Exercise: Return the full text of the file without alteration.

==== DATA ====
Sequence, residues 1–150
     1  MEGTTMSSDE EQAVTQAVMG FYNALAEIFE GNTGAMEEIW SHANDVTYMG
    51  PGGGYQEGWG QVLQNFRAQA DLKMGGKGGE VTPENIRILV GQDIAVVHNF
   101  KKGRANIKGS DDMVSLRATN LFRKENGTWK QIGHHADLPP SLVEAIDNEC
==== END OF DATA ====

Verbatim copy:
Sequence, residues 1–150
     1  MEGTTMSSDE EQAVTQAVMG FYNALAEIFE GNTGAMEEIW SHANDVTYMG
    51  PGGGYQEGWG QVLQNFRAQA DLKMGGKGGE VTPENIRILV GQDIAVVHNF
   101  KKGRANIKGS DDMVSLRATN LFRKENGTWK QIGHHADLPP SLVEAIDNEC